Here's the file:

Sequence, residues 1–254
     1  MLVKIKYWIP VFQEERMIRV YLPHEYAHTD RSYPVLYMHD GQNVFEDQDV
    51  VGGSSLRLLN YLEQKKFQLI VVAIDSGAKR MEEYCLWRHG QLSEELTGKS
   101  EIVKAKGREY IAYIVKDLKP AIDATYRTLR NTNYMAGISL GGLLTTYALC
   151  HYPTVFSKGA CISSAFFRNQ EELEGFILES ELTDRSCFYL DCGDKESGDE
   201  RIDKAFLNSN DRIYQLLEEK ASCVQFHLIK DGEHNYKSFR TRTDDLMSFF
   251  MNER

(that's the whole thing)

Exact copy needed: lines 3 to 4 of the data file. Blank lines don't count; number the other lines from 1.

    51  VGGSSLRLLN YLEQKKFQLI VVAIDSGAKR MEEYCLWRHG QLSEELTGKS
   101  EIVKAKGREY IAYIVKDLKP AIDATYRTLR NTNYMAGISL GGLLTTYALC